Zwipe Moving Ahead with Fingerprint-Scanning Credit Card

Zwipe Moving Ahead with Fingerprint-Scanning Credit Card

October 20, 2015         Written By Bill Hardekopf

Norwegian startup Zwipe is making significant advancements with its fingerprint ID technology, thanks to new financial backing from Photon Future. The Series B funding, topping off at $5 million, will allow the company to launch its contactless, biometric credit card as early as the first quarter of next year.

Zwipe first came to light more than a year ago when they partnered with MasterCard to work on the world’s first contactless credit card with a built-in fingerprint scanner. At that time, the plan was to get the card on the market by the end of this year, but some delays have pushed it to early 2016.

The Zwipe card uses its integrated fingerprint scanner to identify who you are when you use your card. This information is stored on the card itself, not on the cloud or an online server. The Zwipe card works much like any other contactless card, but doesn’t require a PIN or signature for identity verification. Instead, the card comes with a fingerprint scanner on the front that authorizes transactions on the spot. Simply place your finger over the chip and hold the card near the scanner. This makes it far less likely for someone to steal your information.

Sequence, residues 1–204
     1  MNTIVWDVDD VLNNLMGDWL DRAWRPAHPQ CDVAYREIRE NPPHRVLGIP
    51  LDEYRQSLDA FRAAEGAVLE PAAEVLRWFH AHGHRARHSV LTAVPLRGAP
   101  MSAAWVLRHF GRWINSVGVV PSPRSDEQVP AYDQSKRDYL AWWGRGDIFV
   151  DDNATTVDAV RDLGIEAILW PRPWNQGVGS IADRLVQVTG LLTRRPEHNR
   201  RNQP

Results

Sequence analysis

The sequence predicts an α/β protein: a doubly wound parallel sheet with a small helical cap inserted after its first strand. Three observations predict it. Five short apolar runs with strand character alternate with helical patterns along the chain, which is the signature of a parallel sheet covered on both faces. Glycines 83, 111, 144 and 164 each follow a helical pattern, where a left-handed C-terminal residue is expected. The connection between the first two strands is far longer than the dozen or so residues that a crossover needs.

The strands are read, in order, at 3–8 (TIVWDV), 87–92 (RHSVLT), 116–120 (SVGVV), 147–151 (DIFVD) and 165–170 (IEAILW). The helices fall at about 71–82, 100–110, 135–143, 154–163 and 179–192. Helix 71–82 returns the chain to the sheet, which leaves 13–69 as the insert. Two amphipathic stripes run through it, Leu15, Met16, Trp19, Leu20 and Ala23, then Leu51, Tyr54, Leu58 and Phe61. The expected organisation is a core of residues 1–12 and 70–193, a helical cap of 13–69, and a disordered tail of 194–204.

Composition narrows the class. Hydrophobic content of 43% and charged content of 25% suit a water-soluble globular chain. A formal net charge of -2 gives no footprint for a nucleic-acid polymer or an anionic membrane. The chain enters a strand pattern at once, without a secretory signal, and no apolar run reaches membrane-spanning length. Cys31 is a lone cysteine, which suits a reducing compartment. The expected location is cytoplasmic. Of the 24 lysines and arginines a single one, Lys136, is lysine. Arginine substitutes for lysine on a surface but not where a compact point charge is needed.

Biometrics technology has made huge strides over the last few years, with heartbeat scanners and facial recognition also in development. As Zwipe and other innovators create new solutions for the future, we may get one step closer to finally having a more secure credit card network.

The information contained within this article was accurate as of October 20, 2015. For up-to-date information on any of the terms, cards or offers mentioned above, visit the issuer's website. Many of the offers on this article are from our affiliate partners, and may be compensated if you take action with any of our affiliate partners.


About Bill Hardekopf

Bill Hardekopf is the CEO of and covers the credit card industry from all perspectives. Bill has been involved with personal finance for over 15 years. He is a frequent contributor to Forbes, The Street and The Christian Science Monitor.
View all posts by Bill Hardekopf